The concept of Sect comes to us from Hellenistic times. It is a concept that fell out of use for many years, but is being rediscovered as more and more astrologers are re-examining ancient techniques. Sect can help you determine the qualities of a planet, whether for good or ill and its effect on the chart.
Depending on whether it is a daytime or nighttime chart, sect tells you which of the classical planets (Sun and Moon, and the planets Mercury through Saturn) have the upper hand. It also provides clues as to which planets will be more helpful or more problematic in the chart.
As with any technique, there are nuances. But the basic process for using sect is simple. First, find the sect of the chart. This is easy - where's the Sun? If it is above the horizon (the ascendant/descendant axis), it is a diurnal chart that emphasizes the Sun, Jupiter, and Saturn. If the Sun is below the horizon, it is a nocturnal chart that emphasizes the Moon, Venus, and Mars. Mercury's sect is determined by whether it rises before (oriental) or after (occidental) the Sun.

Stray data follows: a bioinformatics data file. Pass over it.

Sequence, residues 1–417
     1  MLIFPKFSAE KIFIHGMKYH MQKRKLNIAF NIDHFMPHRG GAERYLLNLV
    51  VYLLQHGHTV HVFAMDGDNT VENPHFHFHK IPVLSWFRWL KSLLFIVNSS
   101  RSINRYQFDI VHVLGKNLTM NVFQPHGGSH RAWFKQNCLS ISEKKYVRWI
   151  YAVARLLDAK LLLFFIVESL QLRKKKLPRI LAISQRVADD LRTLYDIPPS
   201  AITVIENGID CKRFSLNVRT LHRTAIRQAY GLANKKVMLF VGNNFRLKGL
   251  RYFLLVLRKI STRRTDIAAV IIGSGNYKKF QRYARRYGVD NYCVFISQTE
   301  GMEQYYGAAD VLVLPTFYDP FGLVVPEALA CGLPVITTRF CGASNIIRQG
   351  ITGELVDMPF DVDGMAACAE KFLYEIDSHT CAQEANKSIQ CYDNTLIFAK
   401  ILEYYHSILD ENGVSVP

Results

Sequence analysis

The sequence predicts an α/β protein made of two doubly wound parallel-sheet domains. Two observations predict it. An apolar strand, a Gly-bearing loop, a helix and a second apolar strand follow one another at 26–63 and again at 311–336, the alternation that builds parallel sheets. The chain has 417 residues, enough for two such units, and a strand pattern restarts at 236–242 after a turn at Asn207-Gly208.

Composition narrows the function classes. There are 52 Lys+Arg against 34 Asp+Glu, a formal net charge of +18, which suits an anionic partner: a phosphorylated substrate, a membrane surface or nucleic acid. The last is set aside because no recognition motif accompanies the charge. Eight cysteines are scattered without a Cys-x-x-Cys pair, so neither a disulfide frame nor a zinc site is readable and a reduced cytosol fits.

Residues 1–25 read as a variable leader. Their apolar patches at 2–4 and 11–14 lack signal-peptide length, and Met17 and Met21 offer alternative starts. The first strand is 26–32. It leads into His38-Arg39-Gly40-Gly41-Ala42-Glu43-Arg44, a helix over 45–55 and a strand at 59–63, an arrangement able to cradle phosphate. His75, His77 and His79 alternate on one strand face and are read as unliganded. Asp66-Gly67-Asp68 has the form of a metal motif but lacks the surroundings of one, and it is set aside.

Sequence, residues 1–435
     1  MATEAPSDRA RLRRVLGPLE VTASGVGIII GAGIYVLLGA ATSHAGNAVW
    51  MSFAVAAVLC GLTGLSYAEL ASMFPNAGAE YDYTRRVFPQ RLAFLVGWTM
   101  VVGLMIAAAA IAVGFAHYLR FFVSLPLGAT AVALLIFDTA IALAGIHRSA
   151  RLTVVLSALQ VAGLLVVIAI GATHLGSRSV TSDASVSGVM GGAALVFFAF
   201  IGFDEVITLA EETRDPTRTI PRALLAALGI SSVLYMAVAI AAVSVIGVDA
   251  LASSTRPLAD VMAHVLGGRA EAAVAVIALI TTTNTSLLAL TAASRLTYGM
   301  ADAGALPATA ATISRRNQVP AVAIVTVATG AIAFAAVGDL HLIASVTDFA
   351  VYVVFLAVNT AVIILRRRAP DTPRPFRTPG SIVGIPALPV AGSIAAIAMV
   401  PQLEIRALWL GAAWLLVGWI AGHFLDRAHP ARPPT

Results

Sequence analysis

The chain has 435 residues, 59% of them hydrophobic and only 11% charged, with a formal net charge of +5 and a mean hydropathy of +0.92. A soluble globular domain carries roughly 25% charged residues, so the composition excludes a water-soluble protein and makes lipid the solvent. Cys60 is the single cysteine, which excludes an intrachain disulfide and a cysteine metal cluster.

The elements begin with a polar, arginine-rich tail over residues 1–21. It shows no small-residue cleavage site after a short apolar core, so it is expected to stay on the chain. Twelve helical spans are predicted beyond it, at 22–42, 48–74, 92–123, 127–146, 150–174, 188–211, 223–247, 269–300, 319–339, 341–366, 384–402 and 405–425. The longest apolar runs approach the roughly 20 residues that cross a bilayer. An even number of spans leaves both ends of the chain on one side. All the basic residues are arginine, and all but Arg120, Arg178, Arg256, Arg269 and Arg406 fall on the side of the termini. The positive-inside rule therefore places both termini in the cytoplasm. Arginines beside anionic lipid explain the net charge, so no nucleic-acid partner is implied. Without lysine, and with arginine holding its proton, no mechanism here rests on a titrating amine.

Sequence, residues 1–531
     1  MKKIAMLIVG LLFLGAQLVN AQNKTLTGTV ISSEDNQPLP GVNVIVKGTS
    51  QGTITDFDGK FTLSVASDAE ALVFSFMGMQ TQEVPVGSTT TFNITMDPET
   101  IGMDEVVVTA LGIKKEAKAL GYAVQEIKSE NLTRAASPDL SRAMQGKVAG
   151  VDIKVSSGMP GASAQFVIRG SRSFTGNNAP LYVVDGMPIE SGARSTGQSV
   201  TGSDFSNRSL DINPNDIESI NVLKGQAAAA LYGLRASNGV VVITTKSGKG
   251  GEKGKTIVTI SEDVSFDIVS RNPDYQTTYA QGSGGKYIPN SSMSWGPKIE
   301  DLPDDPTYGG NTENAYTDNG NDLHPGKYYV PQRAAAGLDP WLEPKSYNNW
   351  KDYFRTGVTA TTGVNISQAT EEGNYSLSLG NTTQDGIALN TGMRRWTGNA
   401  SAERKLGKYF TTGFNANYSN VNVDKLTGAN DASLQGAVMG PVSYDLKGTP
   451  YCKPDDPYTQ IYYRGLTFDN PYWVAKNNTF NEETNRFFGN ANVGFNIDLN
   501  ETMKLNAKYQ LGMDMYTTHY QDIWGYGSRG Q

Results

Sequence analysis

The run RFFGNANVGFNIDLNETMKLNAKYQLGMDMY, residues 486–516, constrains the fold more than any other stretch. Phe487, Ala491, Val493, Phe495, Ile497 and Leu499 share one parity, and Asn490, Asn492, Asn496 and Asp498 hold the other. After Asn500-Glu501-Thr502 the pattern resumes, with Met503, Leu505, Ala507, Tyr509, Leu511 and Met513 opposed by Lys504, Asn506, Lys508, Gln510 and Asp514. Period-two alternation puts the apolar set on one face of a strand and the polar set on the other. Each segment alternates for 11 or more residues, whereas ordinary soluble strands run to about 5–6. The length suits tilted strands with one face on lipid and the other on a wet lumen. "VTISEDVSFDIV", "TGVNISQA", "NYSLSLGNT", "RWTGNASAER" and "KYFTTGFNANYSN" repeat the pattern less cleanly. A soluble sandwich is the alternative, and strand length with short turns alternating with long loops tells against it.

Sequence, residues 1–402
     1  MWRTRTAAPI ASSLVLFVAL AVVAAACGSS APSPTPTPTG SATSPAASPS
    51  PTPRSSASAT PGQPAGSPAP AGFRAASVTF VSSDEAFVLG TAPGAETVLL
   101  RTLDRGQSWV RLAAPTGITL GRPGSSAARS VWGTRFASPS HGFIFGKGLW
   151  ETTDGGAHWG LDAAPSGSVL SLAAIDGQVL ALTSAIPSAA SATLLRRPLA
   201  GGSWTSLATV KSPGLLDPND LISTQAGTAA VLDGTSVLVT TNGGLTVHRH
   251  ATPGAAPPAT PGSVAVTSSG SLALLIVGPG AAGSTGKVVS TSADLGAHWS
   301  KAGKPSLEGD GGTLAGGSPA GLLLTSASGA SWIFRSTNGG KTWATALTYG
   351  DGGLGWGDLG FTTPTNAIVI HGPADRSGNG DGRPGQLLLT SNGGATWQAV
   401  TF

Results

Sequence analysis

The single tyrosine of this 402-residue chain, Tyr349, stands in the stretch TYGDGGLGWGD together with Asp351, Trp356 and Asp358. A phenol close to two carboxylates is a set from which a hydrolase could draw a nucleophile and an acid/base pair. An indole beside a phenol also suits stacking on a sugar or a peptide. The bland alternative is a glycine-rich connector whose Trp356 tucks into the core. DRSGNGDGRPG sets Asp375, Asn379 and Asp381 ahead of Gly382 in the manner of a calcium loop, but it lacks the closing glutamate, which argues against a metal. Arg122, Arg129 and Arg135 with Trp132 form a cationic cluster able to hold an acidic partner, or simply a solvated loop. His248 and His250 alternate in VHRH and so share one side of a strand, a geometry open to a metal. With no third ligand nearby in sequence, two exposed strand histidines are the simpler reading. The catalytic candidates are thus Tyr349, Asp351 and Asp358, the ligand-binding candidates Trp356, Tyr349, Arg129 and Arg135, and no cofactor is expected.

Next, determine whether or not the planets are in their natural sect. For example, Saturn is a diurnal planet. If it is above the horizon in a diurnal chart, it is matched with its natural sect. This gives Saturn an even extra boost as it delights in its placement. Third, consider whether the planet is in a masculine (diurnal) or feminine (nocturnal) sign.
Planets that are in their natural sect by hemisphere and in a sign which matches their natural sect are in hayz. In Medieval astrology, this was considered a particularly beneficial and powerful condition. If a planet is out of sect by hemisphere, sign or both (a condition Robert Hand calls ex conditione), it will have difficulty expressing positively in the chart.